Prospects, a blog from BHP

Yes, it’s kind of promoting competition, but a new blog has been launched by BHP. The  new blog – PROSPECTS – was launched almost two months ago (yes, I have been busy working on already late reports). The blog may be visited at: bhpbilliton.com/prospects.

BHP Billiton launched Prospects, a blog series, to provide insights on global trends relevant to our business and our stakeholders.

The blog will offer views on economics, commodities outlook and individual markets, and broader issues such as policy, governance and our social contribution.

Prospects provides an avenue to contribute to debates that are important to BHP Billiton. It will also feature interactive information profiling each of the Company’s commodities, geographic markets and market segments by industry and use.

The first two Prospects topics available today are “Does China have too much debt?” and “Electric vehicles – why all the noise?” are written by Vice President of Analysis and Economics, Dr Huw McKay, based in Singapore.

(http://www.bhpbilliton.com/investors/news/bhp-billiton-launches-prospects-blog)

Hope you find it useful.

CIBJO Diamond Commission Special Report (synthetics and inclusion mapping technologies)

CIBJO released a Diamond Commission Special Report (SEPTEMBER 7, 2016). The report (cibjo-special-report-2016-diamond-commission) discusses two important developments:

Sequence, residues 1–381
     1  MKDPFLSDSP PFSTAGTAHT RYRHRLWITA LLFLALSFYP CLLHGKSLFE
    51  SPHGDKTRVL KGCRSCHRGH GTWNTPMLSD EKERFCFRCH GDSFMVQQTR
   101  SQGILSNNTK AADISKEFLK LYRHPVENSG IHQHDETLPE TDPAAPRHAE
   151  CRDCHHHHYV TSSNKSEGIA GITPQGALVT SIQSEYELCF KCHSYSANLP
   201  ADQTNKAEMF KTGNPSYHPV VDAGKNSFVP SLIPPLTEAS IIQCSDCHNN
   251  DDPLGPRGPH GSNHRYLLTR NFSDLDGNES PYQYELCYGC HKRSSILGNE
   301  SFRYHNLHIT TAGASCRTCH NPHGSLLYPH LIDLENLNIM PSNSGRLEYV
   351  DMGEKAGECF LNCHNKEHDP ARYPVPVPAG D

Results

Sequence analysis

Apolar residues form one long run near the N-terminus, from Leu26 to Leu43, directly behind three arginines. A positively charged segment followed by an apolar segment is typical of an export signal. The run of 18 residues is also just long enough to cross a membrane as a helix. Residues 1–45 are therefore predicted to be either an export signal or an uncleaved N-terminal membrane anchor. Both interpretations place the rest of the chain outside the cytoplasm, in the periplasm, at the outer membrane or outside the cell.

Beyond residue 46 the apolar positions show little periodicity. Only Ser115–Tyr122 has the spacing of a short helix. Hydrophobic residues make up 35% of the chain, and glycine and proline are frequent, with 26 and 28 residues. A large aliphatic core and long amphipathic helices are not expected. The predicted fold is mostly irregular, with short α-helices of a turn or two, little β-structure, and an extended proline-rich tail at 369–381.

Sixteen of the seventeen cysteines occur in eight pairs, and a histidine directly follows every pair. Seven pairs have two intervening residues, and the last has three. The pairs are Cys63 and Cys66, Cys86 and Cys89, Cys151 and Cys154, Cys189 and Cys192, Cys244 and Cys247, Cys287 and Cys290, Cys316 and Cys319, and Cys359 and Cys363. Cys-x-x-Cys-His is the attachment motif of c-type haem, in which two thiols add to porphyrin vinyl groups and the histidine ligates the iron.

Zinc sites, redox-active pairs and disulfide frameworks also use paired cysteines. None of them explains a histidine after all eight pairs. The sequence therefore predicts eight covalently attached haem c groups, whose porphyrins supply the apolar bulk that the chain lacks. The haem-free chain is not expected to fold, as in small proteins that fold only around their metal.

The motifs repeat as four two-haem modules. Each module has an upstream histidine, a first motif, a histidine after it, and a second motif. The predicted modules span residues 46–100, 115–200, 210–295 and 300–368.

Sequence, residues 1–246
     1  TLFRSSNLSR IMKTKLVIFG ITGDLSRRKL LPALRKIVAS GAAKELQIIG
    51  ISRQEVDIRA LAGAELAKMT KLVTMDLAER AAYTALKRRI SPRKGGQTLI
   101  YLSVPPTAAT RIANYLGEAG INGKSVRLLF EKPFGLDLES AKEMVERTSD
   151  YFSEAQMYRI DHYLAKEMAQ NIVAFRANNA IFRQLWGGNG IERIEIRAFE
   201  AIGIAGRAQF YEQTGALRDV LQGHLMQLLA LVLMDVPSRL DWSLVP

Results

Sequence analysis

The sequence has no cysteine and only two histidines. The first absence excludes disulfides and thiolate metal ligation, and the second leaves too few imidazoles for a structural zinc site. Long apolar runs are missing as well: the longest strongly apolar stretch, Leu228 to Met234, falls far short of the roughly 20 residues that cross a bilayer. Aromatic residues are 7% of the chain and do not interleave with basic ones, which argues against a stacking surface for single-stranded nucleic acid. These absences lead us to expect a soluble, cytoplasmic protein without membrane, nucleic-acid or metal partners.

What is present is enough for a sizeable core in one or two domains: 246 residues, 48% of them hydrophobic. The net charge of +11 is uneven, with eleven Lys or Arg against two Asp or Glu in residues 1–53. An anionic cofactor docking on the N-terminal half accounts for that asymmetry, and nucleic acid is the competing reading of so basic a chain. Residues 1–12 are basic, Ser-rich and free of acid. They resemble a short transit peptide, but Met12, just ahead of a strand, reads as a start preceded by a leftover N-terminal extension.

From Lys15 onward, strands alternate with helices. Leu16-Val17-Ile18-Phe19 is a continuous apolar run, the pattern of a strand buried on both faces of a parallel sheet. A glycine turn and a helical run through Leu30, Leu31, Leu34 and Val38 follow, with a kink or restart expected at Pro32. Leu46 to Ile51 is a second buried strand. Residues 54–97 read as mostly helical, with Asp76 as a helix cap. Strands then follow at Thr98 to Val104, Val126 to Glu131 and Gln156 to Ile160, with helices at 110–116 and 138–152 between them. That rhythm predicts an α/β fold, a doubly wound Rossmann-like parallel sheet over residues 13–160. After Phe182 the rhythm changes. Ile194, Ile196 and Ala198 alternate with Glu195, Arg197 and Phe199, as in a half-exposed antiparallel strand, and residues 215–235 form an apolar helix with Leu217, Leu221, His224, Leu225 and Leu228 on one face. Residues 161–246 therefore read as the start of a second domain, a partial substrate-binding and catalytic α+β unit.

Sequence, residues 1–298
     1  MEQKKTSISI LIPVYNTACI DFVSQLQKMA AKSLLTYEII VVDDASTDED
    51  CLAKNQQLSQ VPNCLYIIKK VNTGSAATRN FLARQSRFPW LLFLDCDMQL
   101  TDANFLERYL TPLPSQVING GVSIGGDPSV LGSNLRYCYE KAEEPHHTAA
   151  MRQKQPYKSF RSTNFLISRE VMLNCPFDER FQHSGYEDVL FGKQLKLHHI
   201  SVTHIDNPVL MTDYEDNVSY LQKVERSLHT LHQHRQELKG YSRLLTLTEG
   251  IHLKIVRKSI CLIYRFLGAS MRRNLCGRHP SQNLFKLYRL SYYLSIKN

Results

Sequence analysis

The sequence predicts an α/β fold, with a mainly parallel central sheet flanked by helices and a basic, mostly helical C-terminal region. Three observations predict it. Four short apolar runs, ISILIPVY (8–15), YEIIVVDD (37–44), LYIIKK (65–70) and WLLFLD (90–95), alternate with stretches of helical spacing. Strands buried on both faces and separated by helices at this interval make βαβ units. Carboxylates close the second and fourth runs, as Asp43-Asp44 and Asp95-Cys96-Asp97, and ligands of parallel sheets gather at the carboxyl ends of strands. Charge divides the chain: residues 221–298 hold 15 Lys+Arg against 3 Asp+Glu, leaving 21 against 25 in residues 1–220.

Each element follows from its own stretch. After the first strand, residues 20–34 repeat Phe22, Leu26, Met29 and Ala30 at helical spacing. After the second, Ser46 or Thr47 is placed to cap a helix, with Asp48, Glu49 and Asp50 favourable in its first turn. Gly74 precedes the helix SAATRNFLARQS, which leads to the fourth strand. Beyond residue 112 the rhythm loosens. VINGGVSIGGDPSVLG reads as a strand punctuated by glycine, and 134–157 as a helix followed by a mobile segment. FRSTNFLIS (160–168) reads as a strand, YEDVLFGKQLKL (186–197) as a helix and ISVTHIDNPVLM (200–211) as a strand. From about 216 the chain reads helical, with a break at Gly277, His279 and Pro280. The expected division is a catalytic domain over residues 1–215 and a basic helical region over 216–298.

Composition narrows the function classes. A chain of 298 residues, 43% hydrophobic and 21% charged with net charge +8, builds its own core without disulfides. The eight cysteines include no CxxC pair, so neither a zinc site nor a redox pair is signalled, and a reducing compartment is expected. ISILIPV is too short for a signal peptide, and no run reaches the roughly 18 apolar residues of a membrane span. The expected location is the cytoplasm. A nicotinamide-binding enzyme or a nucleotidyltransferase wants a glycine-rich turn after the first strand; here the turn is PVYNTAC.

1. Synthetic diamonds. The report reiterates standards introduced by CIBJO to clearly distinguish between natural and man-made gems. These essentially were adopted (in general) by the International Standards Organisation in 2015, when it released ISO International Standard 18323 (specifies a set of permitted descriptors for the diamond industry that are designed to be understood by the consumer).
  2. Scanning technologies, created in recent years, enable rough dealers to accurately map the internal inclusions in a stone. The report discuss the ethical implications of such technologies.

CIBJO, the World Jewellery Confederation, describes itself as the “United Nations of the jewellery business,”. It represents the interests of all individuals, organisations and companies earning their livelihoods from jewellery, gemstones and precious metals. It is the oldest international organization in jewellery sector, having originally been established in 1926.

With its membership made up largely by national jewellery trade organizations from more than 40 countries around the world, CIBJO covers the entire jewellery, gemstone and precious metals sectors vertically, from mine to marketplace, and horizontally within each of the component sectors in the various production, manufacturing and trading centres. Most of the international jewellery sector’s leading corporations and service providers are also affiliated to CIBJO through commercial membership.